This is another installment in a series of articles that Historic City News has been fortunate to receive permission to publish; taken from a collection of nostalgic memories recorded by Geoffrey B. Dobson.
Spring Training Comes to [and leaves] St. Augustine
(Third of a Three Part Series)
By Geoff Dobson
As one drives by the “Activities Field,” perhaps from the past, one can hear the roar of a crowd and the yell of an umpire, “Play Ball.” But it is no more; professional baseball and major league spring training have left St. Augustine. Major League baseball teams had played in St. Augustine either for Spring Training or in exhibition games since 1890. Spring training had been a part of Florida since 1888 when the Washington Statesmen trained in Jacksonville. Among teams who had all or a part of their spring training in St. Augustine were Pittsburgh, the Cardinals, Newark Bears (of the International League), the Giants and the Cubs. The Cubs, for several years, maintained an affiliation with the local semi-pro team, the St. Augustine Saints. For a brief period of time the New York Yankees had a connection with the city through their major farm team, the Newark Bears.
St. Augustine had an advantage in attracting spring training. It was readily accessible by railroad and had an attractive park. Henry Flagler constructed the first park, complete with a press box, and two private boxes. The original field had been designed by baseball equipment manufacturer Albert Spaulding. Later Francis Field was constructed. But best of all, the city had in the words of the New York Times, March 15, 1920, a “strong semi-pro club.” The Times reported that Charles Ebbets, the president of the Brooklyn Robins [now the Dodgers] organization, was unhappy with spring training at Jacksonville’s Barr Field and was inspecting St. Augustine as a possible site for the following year’s spring training camp.
In those days, major league teams did not have regular spring training facilities and regularly moved from town to town displaying all the fickleness exhibited by university athletic associations towards a football coach with several losing seasons under his belt. Until 1949 when the Dodgers finally settled down in Vero Beach, they conducted spring training in places as diverse as Charlotte, North Carolina; Hot Springs, Arkansas; Havana, Cuba; and Ciudad Trujillo, Dominican Republic. Indeed, the teams were just as fickle as to their names. In addition to being called the Brooklyn Robins, the Dodgers at various times went under the names the Brooklyn Trolley Dodgers, the Bridegrooms, the Superbas, and now the Los Angeles Dodgers. As an aside speaking of Robins and Los Angeles, during World War II, former Florida Governor Leroy Collins served for a period of time in California. One time, he commented that the only thing he missed about California was waking up in the morning to the sound of the coughing of the birds. Nevertheless, the Times was optimistic as to St. Augustine’s chances. It reported that Brooklyn might play a series in St. Augustine. It was not to be. Brooklyn went to New Orleans.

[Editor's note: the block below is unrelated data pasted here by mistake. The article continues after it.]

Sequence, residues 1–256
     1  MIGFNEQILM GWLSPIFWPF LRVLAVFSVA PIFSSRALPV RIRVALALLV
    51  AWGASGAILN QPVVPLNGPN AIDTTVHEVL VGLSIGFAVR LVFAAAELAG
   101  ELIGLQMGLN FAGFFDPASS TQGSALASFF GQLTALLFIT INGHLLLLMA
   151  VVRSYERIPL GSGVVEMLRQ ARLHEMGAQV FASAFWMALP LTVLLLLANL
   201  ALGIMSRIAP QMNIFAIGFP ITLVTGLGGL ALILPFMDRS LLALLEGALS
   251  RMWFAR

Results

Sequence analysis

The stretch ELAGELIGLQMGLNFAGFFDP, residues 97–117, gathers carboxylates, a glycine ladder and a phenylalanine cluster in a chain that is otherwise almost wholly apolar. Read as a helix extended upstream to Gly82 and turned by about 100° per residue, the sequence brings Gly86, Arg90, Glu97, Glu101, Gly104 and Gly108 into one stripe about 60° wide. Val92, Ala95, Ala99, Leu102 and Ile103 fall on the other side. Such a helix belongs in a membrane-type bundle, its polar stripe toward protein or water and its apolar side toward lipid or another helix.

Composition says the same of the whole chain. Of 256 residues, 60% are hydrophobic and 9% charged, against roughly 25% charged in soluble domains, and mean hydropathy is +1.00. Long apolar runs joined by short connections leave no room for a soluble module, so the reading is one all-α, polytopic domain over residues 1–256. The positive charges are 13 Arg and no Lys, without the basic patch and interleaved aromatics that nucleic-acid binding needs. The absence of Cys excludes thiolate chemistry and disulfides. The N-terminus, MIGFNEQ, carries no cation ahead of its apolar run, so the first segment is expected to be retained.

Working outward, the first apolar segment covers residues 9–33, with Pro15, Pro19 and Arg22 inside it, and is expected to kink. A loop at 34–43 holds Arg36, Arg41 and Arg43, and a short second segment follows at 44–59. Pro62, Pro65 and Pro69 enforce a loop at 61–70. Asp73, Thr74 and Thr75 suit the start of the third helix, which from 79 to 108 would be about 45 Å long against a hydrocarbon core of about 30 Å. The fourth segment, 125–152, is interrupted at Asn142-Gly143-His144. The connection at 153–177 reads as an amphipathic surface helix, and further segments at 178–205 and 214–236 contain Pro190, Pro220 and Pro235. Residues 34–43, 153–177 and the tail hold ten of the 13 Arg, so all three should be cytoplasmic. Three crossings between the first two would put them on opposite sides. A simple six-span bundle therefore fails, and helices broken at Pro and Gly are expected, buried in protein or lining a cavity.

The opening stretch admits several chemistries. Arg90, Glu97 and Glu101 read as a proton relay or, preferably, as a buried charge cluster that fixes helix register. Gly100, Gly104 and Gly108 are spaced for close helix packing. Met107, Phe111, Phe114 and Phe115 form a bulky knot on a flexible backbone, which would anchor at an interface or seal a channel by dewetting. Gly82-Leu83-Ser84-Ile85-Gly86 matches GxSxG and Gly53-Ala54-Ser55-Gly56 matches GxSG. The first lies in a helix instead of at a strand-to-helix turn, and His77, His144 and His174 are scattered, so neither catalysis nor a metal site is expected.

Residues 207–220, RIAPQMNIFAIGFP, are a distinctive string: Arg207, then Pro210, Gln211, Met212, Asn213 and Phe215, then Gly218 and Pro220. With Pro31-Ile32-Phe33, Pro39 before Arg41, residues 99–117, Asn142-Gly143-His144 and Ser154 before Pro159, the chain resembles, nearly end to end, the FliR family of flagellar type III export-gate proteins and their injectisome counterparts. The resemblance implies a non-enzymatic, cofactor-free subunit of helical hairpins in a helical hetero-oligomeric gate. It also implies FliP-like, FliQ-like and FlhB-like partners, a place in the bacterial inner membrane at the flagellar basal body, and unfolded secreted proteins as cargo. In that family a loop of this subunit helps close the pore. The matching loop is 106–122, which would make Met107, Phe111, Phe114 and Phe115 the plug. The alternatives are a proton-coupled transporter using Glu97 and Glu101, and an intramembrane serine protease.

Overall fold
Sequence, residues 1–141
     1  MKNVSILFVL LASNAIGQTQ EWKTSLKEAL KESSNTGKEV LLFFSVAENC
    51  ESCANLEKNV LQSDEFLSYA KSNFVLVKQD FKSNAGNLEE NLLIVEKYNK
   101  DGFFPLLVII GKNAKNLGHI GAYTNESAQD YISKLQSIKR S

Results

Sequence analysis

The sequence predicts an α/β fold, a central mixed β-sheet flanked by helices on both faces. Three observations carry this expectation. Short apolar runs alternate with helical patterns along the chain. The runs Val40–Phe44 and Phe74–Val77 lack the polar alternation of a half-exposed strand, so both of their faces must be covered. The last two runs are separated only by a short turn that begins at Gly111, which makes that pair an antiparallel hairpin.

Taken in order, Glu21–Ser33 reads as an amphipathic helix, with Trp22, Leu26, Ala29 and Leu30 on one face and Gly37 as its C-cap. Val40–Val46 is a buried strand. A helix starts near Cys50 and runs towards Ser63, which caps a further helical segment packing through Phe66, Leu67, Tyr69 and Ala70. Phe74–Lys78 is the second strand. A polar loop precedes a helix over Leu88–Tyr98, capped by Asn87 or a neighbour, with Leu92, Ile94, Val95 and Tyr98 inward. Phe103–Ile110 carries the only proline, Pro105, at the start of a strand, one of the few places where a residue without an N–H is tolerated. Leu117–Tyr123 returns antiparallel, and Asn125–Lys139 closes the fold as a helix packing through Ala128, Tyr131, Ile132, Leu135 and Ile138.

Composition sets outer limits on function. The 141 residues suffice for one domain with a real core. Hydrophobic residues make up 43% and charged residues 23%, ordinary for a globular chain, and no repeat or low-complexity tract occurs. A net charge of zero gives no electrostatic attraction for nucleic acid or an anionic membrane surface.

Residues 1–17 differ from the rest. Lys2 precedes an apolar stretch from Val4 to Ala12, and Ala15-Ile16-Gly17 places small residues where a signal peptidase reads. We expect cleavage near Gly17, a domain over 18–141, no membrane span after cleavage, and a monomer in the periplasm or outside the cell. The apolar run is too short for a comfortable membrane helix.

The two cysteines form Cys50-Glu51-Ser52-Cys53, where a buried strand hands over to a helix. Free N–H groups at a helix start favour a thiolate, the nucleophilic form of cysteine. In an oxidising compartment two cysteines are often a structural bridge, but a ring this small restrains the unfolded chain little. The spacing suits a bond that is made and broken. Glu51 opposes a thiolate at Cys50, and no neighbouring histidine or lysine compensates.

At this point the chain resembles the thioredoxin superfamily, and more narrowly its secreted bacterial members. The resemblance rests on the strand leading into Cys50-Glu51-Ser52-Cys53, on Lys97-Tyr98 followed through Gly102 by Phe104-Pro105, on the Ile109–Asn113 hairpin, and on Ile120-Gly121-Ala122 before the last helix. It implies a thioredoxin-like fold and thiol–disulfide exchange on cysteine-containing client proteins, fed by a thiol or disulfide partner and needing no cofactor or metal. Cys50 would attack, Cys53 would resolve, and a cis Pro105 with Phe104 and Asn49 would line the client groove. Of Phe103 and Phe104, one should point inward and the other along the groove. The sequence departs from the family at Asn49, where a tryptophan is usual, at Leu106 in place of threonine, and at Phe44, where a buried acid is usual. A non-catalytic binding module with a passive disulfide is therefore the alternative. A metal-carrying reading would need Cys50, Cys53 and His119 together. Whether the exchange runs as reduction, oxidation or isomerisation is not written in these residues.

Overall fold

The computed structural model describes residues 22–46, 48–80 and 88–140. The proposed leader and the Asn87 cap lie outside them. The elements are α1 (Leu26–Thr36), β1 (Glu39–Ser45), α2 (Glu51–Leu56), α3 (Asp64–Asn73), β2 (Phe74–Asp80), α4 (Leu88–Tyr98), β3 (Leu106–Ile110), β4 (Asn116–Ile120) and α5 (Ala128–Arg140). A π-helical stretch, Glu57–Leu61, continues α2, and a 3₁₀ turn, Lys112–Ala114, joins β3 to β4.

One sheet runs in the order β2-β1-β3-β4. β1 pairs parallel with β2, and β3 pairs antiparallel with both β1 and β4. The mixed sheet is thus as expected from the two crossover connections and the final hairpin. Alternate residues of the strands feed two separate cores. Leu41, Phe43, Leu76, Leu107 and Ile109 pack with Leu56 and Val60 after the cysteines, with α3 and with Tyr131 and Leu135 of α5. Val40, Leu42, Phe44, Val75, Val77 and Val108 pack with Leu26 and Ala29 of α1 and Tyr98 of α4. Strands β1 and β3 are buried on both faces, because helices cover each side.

Six years before in 1914, St. Augustine had hosted the St. Louis Cardinals for spring training. The Cardinals were just as fickle. The following year, the Cardinals moved to Hot Wells, Texas. Later they did spring training in places as diverse, as Orange, Texas; Bradenton, Florida; Avon Park, Florida; Stockton, California, and Jupiter, Florida. In early years, they were just as fickle about their name, starting out as the St. Louis Brown Stockings, then the Browns, followed by the St. Louis Perfectos before becoming the Cardinals.
In 1926, the Giants trained at Sarasota. Before the end of spring training, they moved to St. Augustine staying at the Alcazar Hotel. The move was attributed by the New York Times to the presence of Sunday baseball in the Ancient City. There was an aversion in many areas to allowing sinful activities such as baseball to desecrate the Sabbath. Thus in most cities in Florida, the playing of baseball on Sunday was a criminal offense. In 1905, the Florida Legislature had provided that the playing of baseball on Sunday was punishable by a fine of not exceeding $100 or by the fine and imprisonment in the county jail not exceeding three months. Soon William C. West, manager of the Jacksonville semi-pro team and an official of the South Atlantic Baseball League, was arrested and imprisoned for playing baseball in Duval County on a Sunday. West appealed his conviction to the Florida Supreme Court where it was sustained.